Jordan Harbinger: Wow, you’ve got to try to do that bad! There’s no accident there.
Ed Latimore: [00:19:34] It was bad. So what ends up happening though is, you know, I decided that I want to chase this instead. And I ended up with a decent girl though when I’m 19. I do drop out the school as a result of most of this and spend time at home a little bit. And by the time at home, my mom had moved. There was no space for me. There was a period of about three months, I remember where I was sleeping on my aunt’s floor. She had like seven people living in there and to eat during the day, because I didn’t have any money.
[00:20:03] I had perfected, I mean I was a thief man. I wasn’t good thief, you know. I had perfected how to walk into the RiteAid and looked like I was browsing and you know, slide some Pringles down my pants or put a pop in my pocket. I mean that’s how we were living and it’s really, I’m not proud of it, but it is part of the story. You know, you can’t ignore the parts of the story you don’t like. But that’s how it was. And so I really fell off and I started dating this girl and that probably kept me from really doing some craziness too, not because, you know, I needed her to emotionally balance me, but because her mom fed me every day. She was 15, I was 19.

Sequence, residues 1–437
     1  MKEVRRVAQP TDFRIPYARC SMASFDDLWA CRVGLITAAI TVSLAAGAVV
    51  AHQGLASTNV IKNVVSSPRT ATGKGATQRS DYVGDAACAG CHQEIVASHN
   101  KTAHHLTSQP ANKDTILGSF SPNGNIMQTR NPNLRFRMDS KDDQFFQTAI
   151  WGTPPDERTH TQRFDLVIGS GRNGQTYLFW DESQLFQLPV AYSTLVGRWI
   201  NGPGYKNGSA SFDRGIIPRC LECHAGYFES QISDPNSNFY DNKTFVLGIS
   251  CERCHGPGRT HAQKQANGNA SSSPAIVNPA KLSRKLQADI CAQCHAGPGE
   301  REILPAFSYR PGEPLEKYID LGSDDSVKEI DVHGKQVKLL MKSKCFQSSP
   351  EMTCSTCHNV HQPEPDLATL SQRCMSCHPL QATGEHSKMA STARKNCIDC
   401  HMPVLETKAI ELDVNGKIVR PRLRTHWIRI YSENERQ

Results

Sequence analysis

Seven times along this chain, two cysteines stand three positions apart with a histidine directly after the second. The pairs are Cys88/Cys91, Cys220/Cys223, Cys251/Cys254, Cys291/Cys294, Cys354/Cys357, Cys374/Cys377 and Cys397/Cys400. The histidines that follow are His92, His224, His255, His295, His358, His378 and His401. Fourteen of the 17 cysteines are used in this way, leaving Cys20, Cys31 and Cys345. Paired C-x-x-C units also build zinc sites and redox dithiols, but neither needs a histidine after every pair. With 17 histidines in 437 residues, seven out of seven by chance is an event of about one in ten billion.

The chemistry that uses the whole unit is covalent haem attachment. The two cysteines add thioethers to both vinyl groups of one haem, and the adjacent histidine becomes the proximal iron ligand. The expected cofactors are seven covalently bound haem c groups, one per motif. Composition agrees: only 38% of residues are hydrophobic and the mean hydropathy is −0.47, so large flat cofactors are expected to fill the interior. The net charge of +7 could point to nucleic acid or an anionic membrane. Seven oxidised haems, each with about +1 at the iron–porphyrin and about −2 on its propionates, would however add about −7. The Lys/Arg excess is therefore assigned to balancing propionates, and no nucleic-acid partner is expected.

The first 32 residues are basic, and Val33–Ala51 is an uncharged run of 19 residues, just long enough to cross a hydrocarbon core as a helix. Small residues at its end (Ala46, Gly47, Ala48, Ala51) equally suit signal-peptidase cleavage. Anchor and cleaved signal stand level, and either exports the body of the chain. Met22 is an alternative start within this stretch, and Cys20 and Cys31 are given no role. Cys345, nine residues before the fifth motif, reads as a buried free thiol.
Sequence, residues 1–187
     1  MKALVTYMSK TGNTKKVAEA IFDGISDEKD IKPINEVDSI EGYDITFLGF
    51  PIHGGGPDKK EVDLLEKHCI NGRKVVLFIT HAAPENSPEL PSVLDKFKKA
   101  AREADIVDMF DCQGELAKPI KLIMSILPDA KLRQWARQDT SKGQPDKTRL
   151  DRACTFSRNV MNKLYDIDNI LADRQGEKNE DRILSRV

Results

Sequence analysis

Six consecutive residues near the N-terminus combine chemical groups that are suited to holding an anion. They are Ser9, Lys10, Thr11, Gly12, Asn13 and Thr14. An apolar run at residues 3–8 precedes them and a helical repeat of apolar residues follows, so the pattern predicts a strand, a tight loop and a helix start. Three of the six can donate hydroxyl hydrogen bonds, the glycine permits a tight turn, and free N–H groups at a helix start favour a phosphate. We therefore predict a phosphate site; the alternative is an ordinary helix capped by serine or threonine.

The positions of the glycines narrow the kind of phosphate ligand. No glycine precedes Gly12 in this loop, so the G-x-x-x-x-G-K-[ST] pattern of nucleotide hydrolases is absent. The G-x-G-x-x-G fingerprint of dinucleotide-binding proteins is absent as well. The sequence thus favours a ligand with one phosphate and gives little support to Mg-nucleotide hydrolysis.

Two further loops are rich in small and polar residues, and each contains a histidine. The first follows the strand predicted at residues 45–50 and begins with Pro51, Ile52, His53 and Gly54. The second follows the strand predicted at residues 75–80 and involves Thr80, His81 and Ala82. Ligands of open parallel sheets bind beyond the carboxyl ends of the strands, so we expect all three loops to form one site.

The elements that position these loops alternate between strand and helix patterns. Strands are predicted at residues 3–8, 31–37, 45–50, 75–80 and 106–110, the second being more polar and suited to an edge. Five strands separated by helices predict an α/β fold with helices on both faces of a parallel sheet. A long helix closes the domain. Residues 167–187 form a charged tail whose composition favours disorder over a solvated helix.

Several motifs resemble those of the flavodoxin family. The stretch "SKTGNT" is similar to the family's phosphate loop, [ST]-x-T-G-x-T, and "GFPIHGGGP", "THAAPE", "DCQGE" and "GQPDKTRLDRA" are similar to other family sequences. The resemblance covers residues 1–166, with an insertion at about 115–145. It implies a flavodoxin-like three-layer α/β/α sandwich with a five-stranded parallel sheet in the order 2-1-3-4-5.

Jordan Harbinger: [00:20:44] Oh, my gosh! So you picked your girlfriend based on where you could eat and that’s funny, but it’s also kind of a sign of the times for you, right? Like who, where am I going to get fed? Literally.
Ed Latimore: [00:20:56] I didn’t do it on that intention alone, but you know, one thing led to another. Next thing you know, I’m eating most of the time there for four years. And it worked out great. I didn’t die of starvation. I didn’t have to steal. No, I didn’t have to down dash often. So yeah, you know, I hate the dine and dash stories, man, because as an adult, someone who makes a living from other people spending money, right? You know, it really pains me like to think, that I ruined somebody’s night in that regard. Oh man. And then, just desperate, stupid stuff. But these are all just parts of things that, you know, we’re going downhill, one downhill or we’re picking up lessons now. I don’t know they’re going to be lessons one day. It’s just, man, I really don’t want to die. I don’t want to move home with my mom.